This is a holiday, so I am doubtlessly in bed right now, dreaming away.
Not to fear, denizens of the Internet! I programmed the coffee for the morning anyways!
(an iPhone dock that turns your iPhone into a desk phone.)
(Keyhole by Joshua Hoffine)
For the month of April, I used nothing but Apple’s Safari. It was a mix of freedom and frustration — faster than Firefox or Internet Explorer, but not as satisfying. After writing an article on it last month, I was concerned that when I reached the end of my experimentation period I will have found myself in a dilemma: to use Firefox, a quality browser that is on the slow side; or to use Safari, a browser that was disappointing aside from it’s blazing speed.
Today I am here to tell you that this is a false dichotomy. There is a third road, and its name is Chrome.
On the first of May, I dutifully opened Chrome, installed a week earlier. I set it as my default browser, and got surfing.
Observation one: Still much faster than Firefox. I cannot tell you which is faster, Chrome or Safari. I think that there would have to be proper tests done to determine this, rather than one blogger’s random web surfing. But it is on par with Safari, which was like a breath of fresh air, when I started.
However, where Safari would slowly eat larger and larger amounts of my computer’s memory until everything moved slowly (Safari included), Chrome remains a lean, mean speed machine no matter how long it stays open.
Speed victory: Chrome.
Observation two: Chrome is more universal than Safari. I do not encounter sites where I need to switch back to another browser, despite Chrome having an even smaller market share than Safari does.
Observation three: Chrome is the only browser on the market (to my knowledge) to have a sand box. That is, hackers need to break-in twice: Once, in order to run malicious code on your computer, and a second time to get it out of the “sand box” and into an area where it can actually do some damage. This extra safety wall, combined with not being a big target, makes Chrome one of the more secure browsers to be using — at least until it starts to achieve a significant (Firefox-esque) following.
There are people out there who use a huge number of features that these plug-ins provide. These people will not find their answer in Chrome.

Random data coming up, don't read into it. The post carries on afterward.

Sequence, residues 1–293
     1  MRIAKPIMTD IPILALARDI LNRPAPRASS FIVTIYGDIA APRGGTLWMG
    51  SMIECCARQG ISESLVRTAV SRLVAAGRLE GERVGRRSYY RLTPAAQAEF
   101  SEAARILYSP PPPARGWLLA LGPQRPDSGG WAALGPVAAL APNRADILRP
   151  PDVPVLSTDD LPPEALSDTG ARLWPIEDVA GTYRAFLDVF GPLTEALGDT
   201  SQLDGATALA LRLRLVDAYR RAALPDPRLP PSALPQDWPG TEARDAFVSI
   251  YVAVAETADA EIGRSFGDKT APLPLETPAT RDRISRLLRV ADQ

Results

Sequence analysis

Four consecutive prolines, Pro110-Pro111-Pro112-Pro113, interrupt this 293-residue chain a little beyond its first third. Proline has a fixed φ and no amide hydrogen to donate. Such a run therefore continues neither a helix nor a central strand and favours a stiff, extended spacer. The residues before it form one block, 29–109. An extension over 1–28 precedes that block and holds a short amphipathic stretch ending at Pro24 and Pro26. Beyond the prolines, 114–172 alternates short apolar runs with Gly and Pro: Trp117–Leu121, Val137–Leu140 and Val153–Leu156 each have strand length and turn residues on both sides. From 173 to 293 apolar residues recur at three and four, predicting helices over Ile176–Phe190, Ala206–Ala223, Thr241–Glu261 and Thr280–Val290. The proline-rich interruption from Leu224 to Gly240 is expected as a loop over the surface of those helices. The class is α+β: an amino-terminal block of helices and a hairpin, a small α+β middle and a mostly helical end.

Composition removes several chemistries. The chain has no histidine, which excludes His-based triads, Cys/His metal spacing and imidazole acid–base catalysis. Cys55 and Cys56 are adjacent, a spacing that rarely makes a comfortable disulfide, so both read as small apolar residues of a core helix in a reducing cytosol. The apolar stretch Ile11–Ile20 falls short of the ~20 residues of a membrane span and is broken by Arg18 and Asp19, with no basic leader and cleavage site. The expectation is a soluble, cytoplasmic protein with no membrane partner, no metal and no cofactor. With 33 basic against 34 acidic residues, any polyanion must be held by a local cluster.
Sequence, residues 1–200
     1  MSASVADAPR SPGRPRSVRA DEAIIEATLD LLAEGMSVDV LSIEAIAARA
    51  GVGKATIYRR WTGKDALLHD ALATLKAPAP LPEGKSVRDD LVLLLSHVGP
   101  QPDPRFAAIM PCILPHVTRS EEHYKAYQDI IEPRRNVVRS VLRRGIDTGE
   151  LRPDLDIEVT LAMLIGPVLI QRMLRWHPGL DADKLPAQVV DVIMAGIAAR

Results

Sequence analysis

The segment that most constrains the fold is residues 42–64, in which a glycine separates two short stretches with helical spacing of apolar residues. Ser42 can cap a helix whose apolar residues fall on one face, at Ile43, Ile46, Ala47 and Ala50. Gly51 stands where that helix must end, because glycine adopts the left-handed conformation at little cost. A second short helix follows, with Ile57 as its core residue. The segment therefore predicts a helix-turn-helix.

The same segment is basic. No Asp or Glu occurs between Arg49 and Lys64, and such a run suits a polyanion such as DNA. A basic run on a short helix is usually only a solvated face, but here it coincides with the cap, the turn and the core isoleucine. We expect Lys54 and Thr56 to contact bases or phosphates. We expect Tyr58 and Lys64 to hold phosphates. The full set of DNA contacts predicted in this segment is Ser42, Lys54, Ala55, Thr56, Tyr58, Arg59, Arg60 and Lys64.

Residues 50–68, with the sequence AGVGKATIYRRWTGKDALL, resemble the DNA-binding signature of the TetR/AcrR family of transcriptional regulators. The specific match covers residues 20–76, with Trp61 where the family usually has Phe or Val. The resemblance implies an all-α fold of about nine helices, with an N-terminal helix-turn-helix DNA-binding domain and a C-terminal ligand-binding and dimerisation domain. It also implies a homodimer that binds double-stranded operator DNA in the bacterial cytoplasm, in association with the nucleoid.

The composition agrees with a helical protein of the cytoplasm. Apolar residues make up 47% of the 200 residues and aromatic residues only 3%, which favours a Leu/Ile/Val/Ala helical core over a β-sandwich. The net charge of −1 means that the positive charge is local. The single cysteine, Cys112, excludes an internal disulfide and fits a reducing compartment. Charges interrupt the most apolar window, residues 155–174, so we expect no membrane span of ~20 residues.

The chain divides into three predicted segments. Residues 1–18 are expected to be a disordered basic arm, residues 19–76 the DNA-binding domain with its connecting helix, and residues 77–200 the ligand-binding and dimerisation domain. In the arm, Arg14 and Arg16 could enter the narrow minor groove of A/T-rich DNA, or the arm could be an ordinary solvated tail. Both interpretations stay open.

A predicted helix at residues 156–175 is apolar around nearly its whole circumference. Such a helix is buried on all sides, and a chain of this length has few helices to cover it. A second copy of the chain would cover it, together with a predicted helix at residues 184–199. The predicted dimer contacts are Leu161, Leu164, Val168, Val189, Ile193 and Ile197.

But if you are a low-volume plug-in user — as I was — ask yourself: how much do I use them? How much do I need them? Could I do without?
If the answer is “yes” — or even “maybe” — I challenge you to try Chrome for a month. Chances are you won’t go back.
I say that, of course, because I certainly will not — at least not until a Firefox 4 comes out, and I am duty bound to spend a month with it. Chrome has become the Big Bad Browser of choice.
The question to you, denizens of the Internet. Is there another free browser that I should try, or should I stop now and consider myself a Chrome Man?
And I have a lot of links.
There is now a browser plug-in that maps internet blockages, which will (purportedly) identify sites that have been blocked by governments.
The New Scientist is reporting that those who have “old fashioned values” also purchase more pornography. I suppose this means that pornography is old fashioned.
Employees are stealing company data when leaving their jobs. This isn’t surprising. What is surprising is that they are leveraging this information to get hired elsewhere. Why would you hire someone on that basis? Shouldn’t employers worry about what their new hires are going to do when they leave, if that’s how they arrive?
Fox News, where accuracy in headlines is only a rumour.
A quote from this article: Permanent damage to the relationship may be done with a few drops of Tabasco sauce in the condom. Yes. This seems plausible.
DRM, EULA, music, copyright … how about I promise not to do anything illegal?
An example of how “stolen” music in places like YouTube can launch careers.
Think high-tech ID cards are a good idea? Don’t forget the card reader.
Thai students are apparently lining up to pay $3,000 to work at McDonald’s